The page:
General Motors and Ford Motor Co. have ended 2012 with all-time sales records in China — but the news is nowhere near as good for Japanese makers.
Stung by a dispute between China and Japan over a chain of uninhabited islands in the East China Sea, Toyota, Nissan and Honda have all suffered a sharp decline in sales in what has become the world’s largest automotive market.
While General Motors has yet to release its final figures for 2012, the maker already passed its previous peak by the end of November, the 2.59 million vehicles it sold for all of 2011. GM has set a goal of boosting sales in China to 5 million by mid-decade.
Ford, meanwhile, has confirmed its sales in China rose 21% last year, to 626,616, also an all-time high. The maker was a relative latecomer to the Chinese market but has been aggressively expanding both its product portfolio and production capacity over the last several years.
“Record 2012 sales highlight the positive response our customers have for our full portfolio of high-quality, safe, fuel-efficient and smart vehicles,” John Lawler, chairman and CEO of Ford Motor China, said in a statement. “Their enthusiasm for Ford cars validates our aggressive plan to introduce 15 new vehicles, double production capacity and double our China dealership network — all by 2015.”
Chrysler has also been pushing into record territory, though its volumes have been much smaller than its cross-town rivals. That’s ironic because Chrysler was the first Western maker to build vehicles in China, or more precisely through its Jeep subsidiary. But its original operation was assumed by former partner Mercedes-Benz following the break-up of the ill-fated DaimlerChrysler AG.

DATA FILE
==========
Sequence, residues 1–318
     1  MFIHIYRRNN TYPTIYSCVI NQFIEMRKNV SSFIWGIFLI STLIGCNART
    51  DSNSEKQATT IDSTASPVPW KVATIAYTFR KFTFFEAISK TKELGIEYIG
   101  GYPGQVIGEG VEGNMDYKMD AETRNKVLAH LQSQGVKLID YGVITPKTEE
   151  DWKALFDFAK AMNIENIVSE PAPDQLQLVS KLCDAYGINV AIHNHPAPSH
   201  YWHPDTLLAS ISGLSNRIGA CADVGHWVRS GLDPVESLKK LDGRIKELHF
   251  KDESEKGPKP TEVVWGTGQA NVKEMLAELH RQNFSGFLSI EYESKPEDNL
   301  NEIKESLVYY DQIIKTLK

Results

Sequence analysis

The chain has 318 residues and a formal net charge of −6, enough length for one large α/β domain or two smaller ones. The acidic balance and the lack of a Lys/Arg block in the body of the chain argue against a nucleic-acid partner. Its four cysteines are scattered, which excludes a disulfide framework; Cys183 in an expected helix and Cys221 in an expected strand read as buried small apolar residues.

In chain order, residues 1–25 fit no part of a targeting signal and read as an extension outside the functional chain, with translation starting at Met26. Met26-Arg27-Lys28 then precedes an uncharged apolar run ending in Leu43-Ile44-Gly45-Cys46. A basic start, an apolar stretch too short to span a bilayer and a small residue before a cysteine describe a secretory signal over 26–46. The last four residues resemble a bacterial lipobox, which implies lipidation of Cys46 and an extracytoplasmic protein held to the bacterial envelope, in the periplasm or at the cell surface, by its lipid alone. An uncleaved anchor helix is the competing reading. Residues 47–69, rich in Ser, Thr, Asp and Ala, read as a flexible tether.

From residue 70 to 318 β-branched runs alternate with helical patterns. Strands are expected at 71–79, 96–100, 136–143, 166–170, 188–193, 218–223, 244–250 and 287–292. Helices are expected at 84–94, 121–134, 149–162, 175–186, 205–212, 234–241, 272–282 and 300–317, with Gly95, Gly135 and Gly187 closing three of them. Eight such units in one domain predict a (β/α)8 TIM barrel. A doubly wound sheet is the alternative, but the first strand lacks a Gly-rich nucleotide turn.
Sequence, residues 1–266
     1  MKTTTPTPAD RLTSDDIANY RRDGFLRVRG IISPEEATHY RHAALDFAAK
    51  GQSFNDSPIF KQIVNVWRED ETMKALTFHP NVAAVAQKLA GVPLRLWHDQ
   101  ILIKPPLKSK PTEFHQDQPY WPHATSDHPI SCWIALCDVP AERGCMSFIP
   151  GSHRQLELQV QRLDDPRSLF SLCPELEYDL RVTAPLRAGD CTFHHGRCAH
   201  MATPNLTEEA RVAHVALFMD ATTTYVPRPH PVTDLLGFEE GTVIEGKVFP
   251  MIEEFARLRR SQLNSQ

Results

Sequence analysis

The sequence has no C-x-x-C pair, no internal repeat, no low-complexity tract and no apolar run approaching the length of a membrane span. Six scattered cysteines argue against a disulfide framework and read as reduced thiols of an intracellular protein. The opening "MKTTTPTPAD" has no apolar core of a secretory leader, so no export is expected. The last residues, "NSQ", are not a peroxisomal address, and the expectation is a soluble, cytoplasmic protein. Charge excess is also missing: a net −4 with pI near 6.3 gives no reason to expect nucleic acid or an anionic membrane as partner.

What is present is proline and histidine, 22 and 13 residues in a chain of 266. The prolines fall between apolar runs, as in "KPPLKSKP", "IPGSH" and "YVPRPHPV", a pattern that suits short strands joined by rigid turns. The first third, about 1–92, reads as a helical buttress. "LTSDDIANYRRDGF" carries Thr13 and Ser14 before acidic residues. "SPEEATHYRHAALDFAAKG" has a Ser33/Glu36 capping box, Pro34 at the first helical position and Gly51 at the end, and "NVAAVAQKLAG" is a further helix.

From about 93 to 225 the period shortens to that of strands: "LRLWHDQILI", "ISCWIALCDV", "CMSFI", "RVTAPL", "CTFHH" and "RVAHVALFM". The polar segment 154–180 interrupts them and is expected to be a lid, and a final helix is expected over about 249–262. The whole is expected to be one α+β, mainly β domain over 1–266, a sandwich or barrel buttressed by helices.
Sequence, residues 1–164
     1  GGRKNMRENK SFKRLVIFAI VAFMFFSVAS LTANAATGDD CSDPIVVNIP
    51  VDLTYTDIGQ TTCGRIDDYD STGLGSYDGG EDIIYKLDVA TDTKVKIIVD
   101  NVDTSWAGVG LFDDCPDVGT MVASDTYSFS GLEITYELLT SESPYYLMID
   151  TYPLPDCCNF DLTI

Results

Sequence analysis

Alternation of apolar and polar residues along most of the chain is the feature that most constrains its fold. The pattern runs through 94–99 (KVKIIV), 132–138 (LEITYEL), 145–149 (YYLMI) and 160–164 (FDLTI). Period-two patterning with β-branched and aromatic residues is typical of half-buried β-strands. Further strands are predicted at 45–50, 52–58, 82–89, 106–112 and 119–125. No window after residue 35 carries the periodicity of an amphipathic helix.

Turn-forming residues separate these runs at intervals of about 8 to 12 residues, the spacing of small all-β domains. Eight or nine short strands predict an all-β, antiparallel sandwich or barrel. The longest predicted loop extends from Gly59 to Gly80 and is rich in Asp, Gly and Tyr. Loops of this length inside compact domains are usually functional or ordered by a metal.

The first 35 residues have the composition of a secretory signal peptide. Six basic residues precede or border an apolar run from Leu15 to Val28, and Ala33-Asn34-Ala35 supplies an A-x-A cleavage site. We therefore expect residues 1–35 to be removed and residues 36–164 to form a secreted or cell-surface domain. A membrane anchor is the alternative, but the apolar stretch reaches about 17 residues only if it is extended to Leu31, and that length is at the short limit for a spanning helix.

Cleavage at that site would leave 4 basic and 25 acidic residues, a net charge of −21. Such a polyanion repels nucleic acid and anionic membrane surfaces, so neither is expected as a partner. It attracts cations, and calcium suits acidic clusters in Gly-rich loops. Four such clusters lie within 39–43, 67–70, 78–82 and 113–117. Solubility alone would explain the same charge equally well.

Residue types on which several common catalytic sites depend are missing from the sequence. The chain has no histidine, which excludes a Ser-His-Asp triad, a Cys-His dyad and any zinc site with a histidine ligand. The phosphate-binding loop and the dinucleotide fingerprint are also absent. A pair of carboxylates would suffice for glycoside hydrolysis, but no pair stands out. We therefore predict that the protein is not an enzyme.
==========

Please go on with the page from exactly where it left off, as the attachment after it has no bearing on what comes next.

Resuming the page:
Under new partner Fiat SpA, Chrysler is again making an aggressive push to expand in China.
Japanese makers were also slow to enter the Chinese market, in part to long-standing enmity between the two nations dating back to Japan’s brutal occupation of its neighbor during World War II. That simmering disdain came back to a boil when the Japanese government decided to buy what it calls the Senkoku Island chain last September.
That set off rioting in China, the bigger nation also laying claim to what it calls the Daioyu Islands. A number of Japanese-owned vehicles were destroyed and a Toyota dealership was even torched in what many observers believe were government-tolerated, if not sanctioned, riots.
Japanese industry executives had previously telegraphed the likelihood of declining sales in China which, they also cautioned, would hurt their earnings for the rest of the 2012 fiscal year – which closes on March 31, 2013.
Nissan took the biggest hit, sales declining 5.3% for calendar-year 2012, to 1.2 million vehicles. Nissan has been the most aggressive of the Japanese makers operating in China, among other things setting up the new Venucia brand with its partner there, Donfeng Motors.
Toyota suffered a 4.9% drop in volume last year, to 840,000. Honda’s China sales slipped 3.1%, to 599,000. Prior to the dispute over the Senkoku/Daioyu Islands, Toyota had expected to see a 10% jump in sales in China, reaching 1 million for the first time.
The market for Japanese products has begun to improve, Toyota China spokesman Niu Yu telling the Wall Street Journal, “Sales are getting better day by day, but it’s still hard to say when we can get back to the pre-protest level,” said.
But it’s unclear how quickly there will be a full recovery. Nissan, for example, suffered a 41% drop in demand in October, shortly after the dispute began, but sales were still off 24%, year-over-year, in December.
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